From: San Francisco, CA, USA
This Bay Area ensemble evolved out of the Opposite Six in 1965 when both their drummer and bass player were drafted into the Army. Leader Bill Champlin (vocals, keyboards, guitar) along with Tim Cain (saxophone) brought in Terry Haggerty (guitar), John Prosser (bass) and Jim Meyers (drums), molding them into the Sons Of Champlin. They played as a 5-piece for a couple of years, first gigging at various local colleges, high schools, bars and clubs, and then graduating to the Fillmore Auditorium and Avalon Ballroom.
In early 1967, the group recorded an LP's worth of songs for Trident Records and then issued their first 45 (the awesome 'Sing Me A Rainbow' b/w 'Fat City') on the Verve label, but surprisingly it made little impact. They were then slated to release a second single (the Barry Mann-Cynthia Weil penned 'Shades Of Grey'), but the Monkees beat them to it causing the 45 and a supporting album to both get shelved. Various personnel changes then occurred with the rhythm section being replaced by Al Strong (bass) and Bill Bowen (drums), along with the addition of Geoff Palmer (keyboards, alto saxophone, vibraphone) and Jim Beem (trumpet). Their sound was unique for the early San Francisco scene, featuring horn based jazz arrangements that sharply contrasted the vast majority of guitar based Bay Area acts like the Grateful Dead and Jefferson Airplane.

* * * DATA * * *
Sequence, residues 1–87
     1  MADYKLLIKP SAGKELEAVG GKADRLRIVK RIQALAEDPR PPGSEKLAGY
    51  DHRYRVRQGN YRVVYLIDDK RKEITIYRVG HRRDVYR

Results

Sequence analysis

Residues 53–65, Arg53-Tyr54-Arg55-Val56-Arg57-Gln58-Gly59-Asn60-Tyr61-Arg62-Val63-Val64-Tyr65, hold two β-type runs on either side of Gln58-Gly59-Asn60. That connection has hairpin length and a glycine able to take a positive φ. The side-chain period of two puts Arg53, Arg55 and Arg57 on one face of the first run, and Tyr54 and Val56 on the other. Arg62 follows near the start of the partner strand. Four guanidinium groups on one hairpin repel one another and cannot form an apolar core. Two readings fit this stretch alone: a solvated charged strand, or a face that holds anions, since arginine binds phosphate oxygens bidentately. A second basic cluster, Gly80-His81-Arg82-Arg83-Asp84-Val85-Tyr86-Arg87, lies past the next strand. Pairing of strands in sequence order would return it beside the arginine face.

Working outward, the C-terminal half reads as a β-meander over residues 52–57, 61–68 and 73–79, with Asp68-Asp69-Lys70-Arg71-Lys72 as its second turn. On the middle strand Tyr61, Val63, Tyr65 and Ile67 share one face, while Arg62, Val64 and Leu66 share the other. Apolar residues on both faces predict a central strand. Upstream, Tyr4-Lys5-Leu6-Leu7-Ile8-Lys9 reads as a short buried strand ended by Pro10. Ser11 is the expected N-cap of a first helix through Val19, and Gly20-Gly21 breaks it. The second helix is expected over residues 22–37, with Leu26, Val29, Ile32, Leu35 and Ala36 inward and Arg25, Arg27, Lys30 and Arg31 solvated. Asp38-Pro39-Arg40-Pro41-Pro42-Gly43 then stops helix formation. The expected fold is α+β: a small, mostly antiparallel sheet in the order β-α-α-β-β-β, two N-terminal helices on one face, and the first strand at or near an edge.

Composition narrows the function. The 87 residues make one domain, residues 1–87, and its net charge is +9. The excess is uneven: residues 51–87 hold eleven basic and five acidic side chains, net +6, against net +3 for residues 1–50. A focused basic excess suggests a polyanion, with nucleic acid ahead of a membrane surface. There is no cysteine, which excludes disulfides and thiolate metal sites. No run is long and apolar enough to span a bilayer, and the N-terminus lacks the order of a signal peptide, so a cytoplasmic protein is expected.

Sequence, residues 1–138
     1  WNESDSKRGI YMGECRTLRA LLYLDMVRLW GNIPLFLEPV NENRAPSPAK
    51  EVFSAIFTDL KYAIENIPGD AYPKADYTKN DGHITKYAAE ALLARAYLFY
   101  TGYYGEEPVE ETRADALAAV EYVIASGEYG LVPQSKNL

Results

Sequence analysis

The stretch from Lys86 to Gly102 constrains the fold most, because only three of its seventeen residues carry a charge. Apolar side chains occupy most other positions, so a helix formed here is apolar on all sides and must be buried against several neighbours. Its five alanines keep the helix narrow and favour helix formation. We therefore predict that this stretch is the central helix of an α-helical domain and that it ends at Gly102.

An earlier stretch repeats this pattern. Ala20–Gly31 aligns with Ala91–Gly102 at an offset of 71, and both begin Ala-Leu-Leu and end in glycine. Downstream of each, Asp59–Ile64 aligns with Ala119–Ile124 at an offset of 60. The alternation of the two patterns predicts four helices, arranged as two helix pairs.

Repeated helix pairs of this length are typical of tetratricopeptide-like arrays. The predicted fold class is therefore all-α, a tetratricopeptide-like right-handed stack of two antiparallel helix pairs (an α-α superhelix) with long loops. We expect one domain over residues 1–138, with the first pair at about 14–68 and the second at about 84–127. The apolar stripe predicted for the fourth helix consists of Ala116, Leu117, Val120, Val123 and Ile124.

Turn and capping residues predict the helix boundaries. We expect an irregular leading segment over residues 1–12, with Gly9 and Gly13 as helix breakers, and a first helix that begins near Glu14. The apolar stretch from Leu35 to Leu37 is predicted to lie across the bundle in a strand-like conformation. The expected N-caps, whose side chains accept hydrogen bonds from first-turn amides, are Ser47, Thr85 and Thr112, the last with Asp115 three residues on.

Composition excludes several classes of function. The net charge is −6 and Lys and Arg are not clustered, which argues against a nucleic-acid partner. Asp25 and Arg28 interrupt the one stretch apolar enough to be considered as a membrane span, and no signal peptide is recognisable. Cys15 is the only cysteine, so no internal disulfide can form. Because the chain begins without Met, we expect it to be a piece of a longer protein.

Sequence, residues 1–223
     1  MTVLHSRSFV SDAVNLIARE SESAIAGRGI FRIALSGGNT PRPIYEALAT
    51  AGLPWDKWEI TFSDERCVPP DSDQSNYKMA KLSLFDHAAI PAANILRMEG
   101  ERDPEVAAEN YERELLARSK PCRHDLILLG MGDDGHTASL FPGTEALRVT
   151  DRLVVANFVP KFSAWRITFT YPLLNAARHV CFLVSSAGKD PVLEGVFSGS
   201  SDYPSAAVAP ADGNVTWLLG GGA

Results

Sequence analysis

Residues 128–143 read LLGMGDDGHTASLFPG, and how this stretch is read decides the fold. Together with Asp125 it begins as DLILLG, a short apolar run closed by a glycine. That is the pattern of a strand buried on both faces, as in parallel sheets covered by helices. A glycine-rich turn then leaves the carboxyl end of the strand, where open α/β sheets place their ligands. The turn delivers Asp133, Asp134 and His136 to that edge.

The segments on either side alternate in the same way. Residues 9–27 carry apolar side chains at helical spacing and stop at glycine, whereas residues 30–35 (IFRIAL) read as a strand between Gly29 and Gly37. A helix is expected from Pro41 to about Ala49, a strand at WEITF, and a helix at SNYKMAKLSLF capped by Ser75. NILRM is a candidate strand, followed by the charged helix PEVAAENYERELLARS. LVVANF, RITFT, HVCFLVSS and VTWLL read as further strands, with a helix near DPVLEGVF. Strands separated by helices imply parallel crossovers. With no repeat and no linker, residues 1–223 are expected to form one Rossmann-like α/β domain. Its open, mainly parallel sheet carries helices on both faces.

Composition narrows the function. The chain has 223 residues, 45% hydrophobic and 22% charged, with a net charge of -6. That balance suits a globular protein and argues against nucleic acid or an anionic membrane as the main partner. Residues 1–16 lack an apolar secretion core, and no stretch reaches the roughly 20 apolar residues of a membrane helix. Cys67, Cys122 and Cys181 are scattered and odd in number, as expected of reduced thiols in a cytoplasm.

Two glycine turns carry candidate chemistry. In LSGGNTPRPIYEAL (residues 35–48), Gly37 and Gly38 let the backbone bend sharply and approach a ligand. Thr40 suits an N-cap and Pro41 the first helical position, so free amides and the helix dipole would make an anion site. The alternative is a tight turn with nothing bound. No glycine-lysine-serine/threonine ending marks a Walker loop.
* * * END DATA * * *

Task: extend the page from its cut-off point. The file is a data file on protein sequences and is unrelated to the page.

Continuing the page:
In late 1968, the band finally scored a big record deal with Capitol and issued their first LP titled Loosen Up Naturally in the spring of 1969. A second, self-titled album quickly followed around six months later, with the group shortening their moniker to the Sons. Neither record sold that well prompting the group to go on hiatus in 1970 with Champlin joining the Rhythm Dukes along with Moby Grape alumni Jerry Miller and Don Stevenson. In 1971, the Sons reformed with Beem and Cain both gone and David Schallock (bass) and Bill Vitt (drums) replacing Strong and Bowen, returning them to a 5-piece again. It was this lineup that released the LP Follow Your Heart, which also wasn't commercially successful prompting Capitol to drop them. The band forged on however with Vitt being replaced by James Preston (drums) and the addition of Mark Isham (trumpet). It was this lineup that first recorded a no-label, band released LP titled Minus Seeds And Stems in 1972 and then signed to Columbia Records, issuing the album Welcome To The Dance in 1973, which is considered by many to be their best effort, but still didn't break out.
More personnel changes transpired in the mid 70s and three more LPs were issued until they finally called it quits in 1977. The group has reunited several times over the years however, and Bill Champlin still enjoys playing live to a strong local fan base to this day. As a side note, Champlain was also a member of Chicago from 1981 to 2009.
Artist information sources include: The book, 'Fuzz, Acid, and Flowers Revisited' by Vernon Joynson and an article by William Ruhlmann at All Music Guide.